‘Waking Up’ Is The Most Important Book I’ve Read
One book can be the difference between grasping in the dark and finding what you seek in the radiance of the sun. Sam Harris’ Waking Up was that sun, illuminating the path of mindfulness for which I’d long searched.
I was exploring before I picked it up. I meditated, read articles, and listened to podcasts on the topic. I poked around, looking for something. I didn’t yet know what it was I sought. But I knew there was something there, waiting to be found.
There’d been many clues. I’d listened to lectures by and chillstep mixes of Alan Watts, where he said things I couldn’t grasp but felt were profound. I’d had strange experiences driving long trips alone, where I’d feel a heightened awareness come over me. Over and over again something teased me with its mystery. There was something here to be found. I kept looking.
I had psychedelic trips and meditative experiences that opened doors to the transcendent. Others reported feeling ‘connected’ or ‘in union’ with the universe after taking psilocybin. My experiences had this sense too — they were certainly the most profound of my life — but this description didn’t sound quite right. I kept looking.
Then I picked up Waking Up and woke up.
As I read, the scattered hints cascaded into a single principle. The mystery hidden amongst piles of irrational content was revealed. What Sam Harris learned after a decade in the East was it.
The self is an illusion. You are not the architect of your thoughts. Thoughts, emotions, sounds, sensations, everything you’ve ever known, are appearances in consciousness.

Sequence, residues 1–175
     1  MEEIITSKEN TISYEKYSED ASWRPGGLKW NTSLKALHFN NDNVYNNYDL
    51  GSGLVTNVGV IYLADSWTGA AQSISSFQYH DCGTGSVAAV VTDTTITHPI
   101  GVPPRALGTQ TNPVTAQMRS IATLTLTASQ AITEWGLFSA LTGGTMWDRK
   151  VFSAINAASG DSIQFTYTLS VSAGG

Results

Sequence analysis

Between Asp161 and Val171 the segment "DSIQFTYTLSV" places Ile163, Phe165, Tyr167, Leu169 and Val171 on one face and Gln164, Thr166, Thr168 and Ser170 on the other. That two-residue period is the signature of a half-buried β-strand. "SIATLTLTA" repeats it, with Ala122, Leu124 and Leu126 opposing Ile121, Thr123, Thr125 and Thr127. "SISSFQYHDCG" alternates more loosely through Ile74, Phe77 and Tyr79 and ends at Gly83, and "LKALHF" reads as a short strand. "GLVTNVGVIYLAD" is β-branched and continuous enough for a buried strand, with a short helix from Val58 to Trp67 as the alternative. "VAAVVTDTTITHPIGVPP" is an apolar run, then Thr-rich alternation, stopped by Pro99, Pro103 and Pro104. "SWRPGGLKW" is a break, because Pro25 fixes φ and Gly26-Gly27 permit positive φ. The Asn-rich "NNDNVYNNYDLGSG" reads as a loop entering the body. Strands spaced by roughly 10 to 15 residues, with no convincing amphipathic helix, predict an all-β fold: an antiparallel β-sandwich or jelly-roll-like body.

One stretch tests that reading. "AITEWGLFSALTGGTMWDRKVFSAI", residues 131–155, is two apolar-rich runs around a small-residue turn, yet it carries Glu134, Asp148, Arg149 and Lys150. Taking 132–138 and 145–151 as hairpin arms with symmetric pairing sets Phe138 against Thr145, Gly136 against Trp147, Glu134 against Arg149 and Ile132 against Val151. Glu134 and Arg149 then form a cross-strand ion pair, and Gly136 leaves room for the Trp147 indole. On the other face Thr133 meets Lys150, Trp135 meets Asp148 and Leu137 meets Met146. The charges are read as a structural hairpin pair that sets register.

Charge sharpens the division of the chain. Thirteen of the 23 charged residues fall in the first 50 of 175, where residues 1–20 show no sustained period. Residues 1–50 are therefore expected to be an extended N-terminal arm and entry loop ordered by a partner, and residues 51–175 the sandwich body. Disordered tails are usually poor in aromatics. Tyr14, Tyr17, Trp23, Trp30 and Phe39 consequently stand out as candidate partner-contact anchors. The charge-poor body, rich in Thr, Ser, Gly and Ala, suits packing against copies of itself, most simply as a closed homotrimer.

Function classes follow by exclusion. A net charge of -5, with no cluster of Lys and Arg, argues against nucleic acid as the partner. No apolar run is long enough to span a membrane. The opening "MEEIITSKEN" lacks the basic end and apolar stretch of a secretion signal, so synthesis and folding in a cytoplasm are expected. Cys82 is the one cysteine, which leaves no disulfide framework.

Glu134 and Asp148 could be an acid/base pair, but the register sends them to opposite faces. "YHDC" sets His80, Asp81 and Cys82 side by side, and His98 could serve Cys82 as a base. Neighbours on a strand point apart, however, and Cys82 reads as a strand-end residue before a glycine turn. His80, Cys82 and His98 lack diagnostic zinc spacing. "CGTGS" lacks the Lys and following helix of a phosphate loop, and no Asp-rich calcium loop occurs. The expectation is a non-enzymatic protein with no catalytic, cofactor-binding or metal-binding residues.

The illusion of self arises when you identify with the conveyer belt of thought that ceaselessly appears in consciousness. Without mental training, thought forms a continuous narrative that appears to run just about every person’s life — without their knowing it.
Meditation is the long journey — and psychedelic the rocket-fuelled shortcut — from delusion to enlightenment. To be ‘enlightened’ is simply to understand (not conceptually, but by experience) the inherent selflessness of consciousness.
Consciousness is separable from the illusory self. This can only be proved by yourself for yourself — through subjective experience. Hence science struggles to get a firm grip around it — inherent subjectivity makes it slippery. But anyone — anyone — can experience it for themselves.
On psychedelics, in the right setting and with the right mindset, you can bathe in naked consciousness absent of thought and self. With regular meditative practice, you can dispel the illusion of self more and more.
“Once one recognizes the selflessness of consciousness, the practice of meditation becomes just a means of getting more familiar with it.” — Sam Harris
I struggled with the concept of spirituality for a long time.
It was clear early on that, in the modern world, God was dead and faith had run its course. Religion was our ancestors’ attempt to explain their world — something humans always did through myth. But it was also a time capsule for their values that no longer echo modern sensibilities.